It’s funny that people fail to realize that their mouth is their “front line” to the outside world. Every other part of the body has something that serves as a protective barrier to germs and harmful and corrosive substances—your skin obviously protects your body from invasion by harmful substances, and even your eyes have membranes that protect that organ from invaders. But since we need food to live, our mouths and the teeth in it have to handle food and the infectious agents that inevitably accompany that food and prepare it for the stomach. There, the powerful gastric juices our body produces will prepare that food for digestion, but in the mouth, all we do is break up the food and pass it along to the stomach. Yes, there is a little chemical digestion that takes place in the mouth, but not much, and some food particles remain in the mouth long after the memory of what you ate is forgotten—it’s unavoidable—and that means the germs that hide in the gums, between teeth and in the tooth sockets, and even under the plaque that builds up on the surface of the teeth have plenty to work with in attacking your mouth.
Unless you walk around with a mobile dental office all day, you have two defenses against this perpetual attack on your “front line,” your teeth and gums:
1. Take good care of your teeth on a daily basis—floss, brush and rinse with mouth wash every morning and every evening, and do it right. Our team will make sure you know how and show you why doing it right makes all the difference. But even if you take proper home care of your teeth and gums, there’s something else you must do if you’re going to win the battle, and that is…
2. Come in regularly for a teeth cleaning. By “regularly” is meant every six months—don’t let the month in which you’ve scheduled your cleaning go by without coming in to the office and having this procedure. And that is what a proper teeth cleaning is—it’s much more than a simple surface cleaning. When done properly—and you can be sure the professional teeth cleaning done in a dentist’s office is done the way it’s supposed to be done—you’ll see why many dentists wish a more serous word than “cleaning” was used to describe it. The state and insurance companies have guidelines and standards for what a “teeth cleaning” should consist of, and but many dental practices exceed those standards. But none of that can be done if patients don’t come in and keep that appointment, so let’s look at the seven reasons it is important for everyone to have regular cleanings.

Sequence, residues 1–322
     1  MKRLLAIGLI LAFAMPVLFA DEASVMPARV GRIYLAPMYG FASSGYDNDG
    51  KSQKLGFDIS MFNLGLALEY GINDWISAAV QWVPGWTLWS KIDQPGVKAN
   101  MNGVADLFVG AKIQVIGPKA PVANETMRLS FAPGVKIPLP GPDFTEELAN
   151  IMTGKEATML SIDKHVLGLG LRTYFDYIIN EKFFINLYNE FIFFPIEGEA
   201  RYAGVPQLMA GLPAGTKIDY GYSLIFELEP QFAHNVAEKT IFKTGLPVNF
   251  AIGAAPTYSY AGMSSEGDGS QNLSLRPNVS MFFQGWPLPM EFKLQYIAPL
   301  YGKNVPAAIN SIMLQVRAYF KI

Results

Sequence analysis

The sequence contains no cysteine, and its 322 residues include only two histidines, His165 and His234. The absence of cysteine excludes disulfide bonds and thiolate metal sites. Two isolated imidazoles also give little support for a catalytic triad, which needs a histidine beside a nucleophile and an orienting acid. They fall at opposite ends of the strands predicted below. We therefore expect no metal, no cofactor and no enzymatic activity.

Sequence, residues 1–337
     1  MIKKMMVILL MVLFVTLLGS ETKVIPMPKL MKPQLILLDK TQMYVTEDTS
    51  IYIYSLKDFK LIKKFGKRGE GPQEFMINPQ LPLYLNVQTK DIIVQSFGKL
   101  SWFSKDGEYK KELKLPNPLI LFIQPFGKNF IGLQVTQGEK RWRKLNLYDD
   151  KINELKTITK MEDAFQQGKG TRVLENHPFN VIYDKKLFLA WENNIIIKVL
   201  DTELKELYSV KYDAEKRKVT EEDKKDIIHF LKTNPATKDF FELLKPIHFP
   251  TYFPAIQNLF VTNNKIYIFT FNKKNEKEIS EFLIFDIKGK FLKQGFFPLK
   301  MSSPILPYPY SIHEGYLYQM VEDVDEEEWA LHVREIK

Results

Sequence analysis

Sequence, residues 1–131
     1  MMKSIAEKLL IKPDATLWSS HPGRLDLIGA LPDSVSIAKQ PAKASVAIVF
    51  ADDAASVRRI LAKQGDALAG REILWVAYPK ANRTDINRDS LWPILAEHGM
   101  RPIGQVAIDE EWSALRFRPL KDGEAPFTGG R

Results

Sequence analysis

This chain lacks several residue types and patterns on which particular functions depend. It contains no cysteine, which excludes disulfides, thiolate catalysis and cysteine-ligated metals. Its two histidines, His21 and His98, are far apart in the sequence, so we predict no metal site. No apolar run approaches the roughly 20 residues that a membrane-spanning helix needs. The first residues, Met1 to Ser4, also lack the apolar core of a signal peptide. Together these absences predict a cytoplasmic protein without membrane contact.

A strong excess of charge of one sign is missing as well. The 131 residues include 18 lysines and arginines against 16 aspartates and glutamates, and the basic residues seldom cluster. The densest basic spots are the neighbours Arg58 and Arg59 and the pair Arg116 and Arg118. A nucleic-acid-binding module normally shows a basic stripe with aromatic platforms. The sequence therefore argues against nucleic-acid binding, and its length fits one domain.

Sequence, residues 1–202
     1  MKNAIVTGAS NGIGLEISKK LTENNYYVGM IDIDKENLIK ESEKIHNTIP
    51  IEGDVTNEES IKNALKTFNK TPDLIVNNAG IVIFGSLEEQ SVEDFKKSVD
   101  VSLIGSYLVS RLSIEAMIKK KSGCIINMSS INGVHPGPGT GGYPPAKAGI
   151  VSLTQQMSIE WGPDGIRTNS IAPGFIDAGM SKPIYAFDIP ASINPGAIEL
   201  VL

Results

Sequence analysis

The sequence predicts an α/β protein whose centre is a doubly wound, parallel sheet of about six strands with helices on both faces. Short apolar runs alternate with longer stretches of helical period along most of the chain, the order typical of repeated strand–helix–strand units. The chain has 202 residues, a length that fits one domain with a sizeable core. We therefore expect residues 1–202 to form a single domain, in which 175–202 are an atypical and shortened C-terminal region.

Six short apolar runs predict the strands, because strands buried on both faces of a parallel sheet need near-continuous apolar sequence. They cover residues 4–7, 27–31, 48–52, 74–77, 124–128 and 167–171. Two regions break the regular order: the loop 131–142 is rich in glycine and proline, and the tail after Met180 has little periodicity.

Reason 1. To get the food and “stuff” even the most conscientious home dental care just can’t get. Food particles can get stuck in the crevices and recesses of the mouth for a long time—sometimes a really long time. Who hasn’t experience a piece of food that just stayed and stayed and avoided all attempts to dislodge. But the situation is worse: Our teeth create a covering called “plaque” that would protect our teeth, only nearly always germs get caught under the plaque and that only makes them more dangerous. So the first thing that will be accomplished at a cleaning is that the mouth, teeth and gums will be cleaned thoroughly, including scraping off the plaque and getting rid of any of the germs that have found a safe haven there.